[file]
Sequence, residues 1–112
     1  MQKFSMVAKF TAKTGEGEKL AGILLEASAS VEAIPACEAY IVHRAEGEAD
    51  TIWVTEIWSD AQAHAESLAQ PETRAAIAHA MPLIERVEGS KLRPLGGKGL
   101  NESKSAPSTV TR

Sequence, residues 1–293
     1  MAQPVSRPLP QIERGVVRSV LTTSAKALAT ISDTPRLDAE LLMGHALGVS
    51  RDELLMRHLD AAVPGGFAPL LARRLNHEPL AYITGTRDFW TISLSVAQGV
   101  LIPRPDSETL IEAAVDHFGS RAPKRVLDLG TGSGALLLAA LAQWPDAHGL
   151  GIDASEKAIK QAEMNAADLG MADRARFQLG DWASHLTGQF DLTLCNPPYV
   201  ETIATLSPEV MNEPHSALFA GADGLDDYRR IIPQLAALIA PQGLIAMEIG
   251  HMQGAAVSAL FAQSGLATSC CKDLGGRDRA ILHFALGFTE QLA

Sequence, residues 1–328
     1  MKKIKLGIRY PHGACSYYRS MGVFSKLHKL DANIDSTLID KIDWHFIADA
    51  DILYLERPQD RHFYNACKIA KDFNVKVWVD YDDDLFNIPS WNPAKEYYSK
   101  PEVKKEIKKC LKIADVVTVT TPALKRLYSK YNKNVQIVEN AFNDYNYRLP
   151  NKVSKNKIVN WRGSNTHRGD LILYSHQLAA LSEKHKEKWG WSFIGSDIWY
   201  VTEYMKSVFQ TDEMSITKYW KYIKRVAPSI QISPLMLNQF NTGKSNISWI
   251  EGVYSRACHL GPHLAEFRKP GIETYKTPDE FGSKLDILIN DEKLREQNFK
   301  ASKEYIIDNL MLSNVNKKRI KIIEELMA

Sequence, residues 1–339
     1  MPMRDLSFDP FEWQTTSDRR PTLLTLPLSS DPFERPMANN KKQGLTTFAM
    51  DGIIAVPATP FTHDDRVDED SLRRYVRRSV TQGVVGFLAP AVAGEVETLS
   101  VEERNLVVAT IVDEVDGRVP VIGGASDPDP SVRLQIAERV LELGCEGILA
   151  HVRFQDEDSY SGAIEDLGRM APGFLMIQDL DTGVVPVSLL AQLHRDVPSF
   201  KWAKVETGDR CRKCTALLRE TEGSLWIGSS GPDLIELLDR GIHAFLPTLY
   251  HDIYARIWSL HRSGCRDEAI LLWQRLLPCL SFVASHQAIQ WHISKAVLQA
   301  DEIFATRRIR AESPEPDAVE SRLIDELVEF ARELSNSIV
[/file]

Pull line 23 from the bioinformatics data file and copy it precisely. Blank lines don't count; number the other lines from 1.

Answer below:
   101  VEERNLVVAT IVDEVDGRVP VIGGASDPDP SVRLQIAERV LELGCEGILA